Ancient Poems

Published: 21st June 2010
Views: N/A

Ancient poetry has always been meaningful to me. The perspective from which the ancients saw the world and expressed that fascination through poetry is so different from the way people view the world today. In today's world, of technology and science, every corner of our world is being explored and explained. There is hardly any mystery left in the wide world, hardly any unexplored places for people to wonder about and imagine. But to ancient man, the world was still a vastly unknown and undiscovered place. That's what I love about ancient poetry. That fascination and perspective is expressed through their poetry in a way that cannot be expressed the same way today. Plus, ancient poetry is extra special simply because it is ancient. You're reading something many hundreds, even thousands of years old, that still have the capacity to stir your heart. That's pretty amazing if you ask me! I've tried to take samples of ancient writings and poems from all over. Some come from ancient China, some from ancient Persia, and some from ancient Israel. I hope you'll find the same love that I did.



This first excerpt is a simple piece of advice:



"When you are content to be simply yourself and don't compare or compete, everybody will respect you." Tao Te Ching



This next excerpt is a nice pairing of bits of wisdom. It's really cool:



"Fill your bowl to the brim and it will spill. Keep sharpening your knife and it will blunt. Chase after money and security and your heart will never unclench. Care about people's approval and you will be their prisoner. Do your work, then step back. The only path to serenity." Tao Te Ching



This is my favorite ancient poem. It's an ancient love poem from Persia:



"The intellectual is always showing off, the lover is always getting lost. The intellectual runs away. afraid of drowning; the whole business of love is to drown in the sea. Intellectuals plan their repose; lovers are ashamed to rest. The lover is always alone. even surrounded by people; like water and oil, he remains apart. The man who goes to the trouble of giving advice to a lover gets nothing. He's mocked by passion. Love is like musk. It attracts attention. Love is a tree, and the lovers are its shade." Rumi - The Intellectual is Always Showing Off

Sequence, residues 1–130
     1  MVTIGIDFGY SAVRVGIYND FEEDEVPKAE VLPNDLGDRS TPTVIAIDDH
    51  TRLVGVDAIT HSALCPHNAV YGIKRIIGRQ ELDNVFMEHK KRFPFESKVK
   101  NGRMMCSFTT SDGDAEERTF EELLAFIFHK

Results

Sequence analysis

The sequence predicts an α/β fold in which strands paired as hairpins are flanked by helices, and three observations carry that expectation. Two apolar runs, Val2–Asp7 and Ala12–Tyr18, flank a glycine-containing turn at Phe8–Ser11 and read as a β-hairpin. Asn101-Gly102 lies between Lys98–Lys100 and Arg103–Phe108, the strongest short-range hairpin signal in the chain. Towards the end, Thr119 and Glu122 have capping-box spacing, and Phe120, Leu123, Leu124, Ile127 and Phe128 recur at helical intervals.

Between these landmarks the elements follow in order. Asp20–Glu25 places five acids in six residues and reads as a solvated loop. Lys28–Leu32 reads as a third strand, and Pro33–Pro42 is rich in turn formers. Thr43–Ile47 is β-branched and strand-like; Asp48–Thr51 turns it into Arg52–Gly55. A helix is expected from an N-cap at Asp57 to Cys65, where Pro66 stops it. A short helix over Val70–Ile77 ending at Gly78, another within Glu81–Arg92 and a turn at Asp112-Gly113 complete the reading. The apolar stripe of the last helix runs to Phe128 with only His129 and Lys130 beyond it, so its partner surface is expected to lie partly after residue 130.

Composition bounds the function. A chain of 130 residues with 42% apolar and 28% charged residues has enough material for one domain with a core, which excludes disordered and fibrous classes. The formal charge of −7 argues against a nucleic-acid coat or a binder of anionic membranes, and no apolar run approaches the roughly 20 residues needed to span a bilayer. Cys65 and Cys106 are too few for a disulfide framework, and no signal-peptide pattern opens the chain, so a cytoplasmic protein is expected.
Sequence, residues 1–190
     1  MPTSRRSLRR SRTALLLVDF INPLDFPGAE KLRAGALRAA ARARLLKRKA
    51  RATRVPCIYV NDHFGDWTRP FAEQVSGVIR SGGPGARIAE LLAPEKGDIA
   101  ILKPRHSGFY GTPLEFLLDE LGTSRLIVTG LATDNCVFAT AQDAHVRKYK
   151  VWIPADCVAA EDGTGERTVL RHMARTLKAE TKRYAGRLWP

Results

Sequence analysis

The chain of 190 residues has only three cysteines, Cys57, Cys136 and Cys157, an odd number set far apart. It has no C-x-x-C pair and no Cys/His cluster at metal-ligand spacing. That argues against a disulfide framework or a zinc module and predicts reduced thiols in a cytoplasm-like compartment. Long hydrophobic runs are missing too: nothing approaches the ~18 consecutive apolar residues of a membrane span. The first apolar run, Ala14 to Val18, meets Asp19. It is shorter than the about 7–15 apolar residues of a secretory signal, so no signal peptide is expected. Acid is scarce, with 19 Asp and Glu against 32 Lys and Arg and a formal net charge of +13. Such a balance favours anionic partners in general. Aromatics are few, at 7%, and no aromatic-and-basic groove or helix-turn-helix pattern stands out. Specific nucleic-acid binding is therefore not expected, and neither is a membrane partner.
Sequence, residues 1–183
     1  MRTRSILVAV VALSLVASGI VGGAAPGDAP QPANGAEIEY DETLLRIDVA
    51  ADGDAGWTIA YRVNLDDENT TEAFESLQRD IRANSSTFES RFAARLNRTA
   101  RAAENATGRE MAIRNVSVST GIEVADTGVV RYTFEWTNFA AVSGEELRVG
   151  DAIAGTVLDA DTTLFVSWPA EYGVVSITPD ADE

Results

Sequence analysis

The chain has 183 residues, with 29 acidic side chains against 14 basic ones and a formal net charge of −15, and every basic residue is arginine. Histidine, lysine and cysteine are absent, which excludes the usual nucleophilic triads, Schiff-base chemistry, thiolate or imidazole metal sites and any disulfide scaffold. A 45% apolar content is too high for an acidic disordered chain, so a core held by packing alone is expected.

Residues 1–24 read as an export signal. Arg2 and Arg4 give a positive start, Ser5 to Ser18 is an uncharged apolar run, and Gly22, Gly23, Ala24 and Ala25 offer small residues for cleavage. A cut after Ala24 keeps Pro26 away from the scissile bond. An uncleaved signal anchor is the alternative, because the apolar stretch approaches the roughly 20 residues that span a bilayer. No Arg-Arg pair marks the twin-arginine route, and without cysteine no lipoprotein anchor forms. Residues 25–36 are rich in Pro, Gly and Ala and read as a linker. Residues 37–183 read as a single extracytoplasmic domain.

This is a list of ancient questions from China. Very poignant:



"Can you coax your mind from its wandering and keep to the original oneness?... Can you love people and lead them without imposing your will?" Tao Te Ching



Another love poem from ancient Persia. Very excellent:



"I am a sculptor, a molder of form. In every moment I shape an idol. But then, in front of you, I melt them down I can rouse a hundred forms and fill them with spirit, but when I look into your face, I want to throw them in the fire. My souls spills into yours and is blended. Because my soul has absorbed your fragrance, I cherish it. Every drop of blood I spill informs the earth, I merge with my Beloved when I participate in love. In this house of mud and water, my heart has fallen to ruins. Enter this house, my Love, or let me leave." Rumi - I am a sculptor a molder of form



A description of love from the Bible, the Old Testament, in the book Song of Solomon:



"For love is as strong as death, its jealousy unyielding as the grave. It burns like blazing fire, like a mighty flame. Many waters cannot quench love; rivers cannot wash it away. If one were to give all the wealth of his house for love, it would be utterly scorned." Song Of Solomon Chapter 8



A description of the human condition from the Tao Te Ching:



"He who stands on tiptoe doesn't stand firm. He who rushes ahead doesn't go far. He who tries to shine dims his own light. He who defines himself can't know who he really is. He who has power over others can't empower himself. He who clings to his work will create nothing that endures." Tao Te Ching



One of the most beautiful ancient poems from the Bible, describing the state of all life:



"There is a time for everything, and a season for every activity under heaven: a time to be born and a time to die, a time to plant and a time to uproot, a time to kill and a time to heal, a time to tear down and a time to build, a time to weep and a time to laugh, a time to mourn and a time to dance, a time to scatter stones and a time to gather them, a time to embrace and a time to refrain, a time to search and a time to give up, a time to keep and a time to throw away, a time to tear and a time to mend, a time to be silent and a time to speak, a time to love and a time to hate, a time for war and a time for peace." Ecclesiastes Chapter 3





------



Thanks for reading my article about ancient poetry. For more in poetry and the like, check out my other articles.

Report this article Ask About This Article


Loading...
More to Explore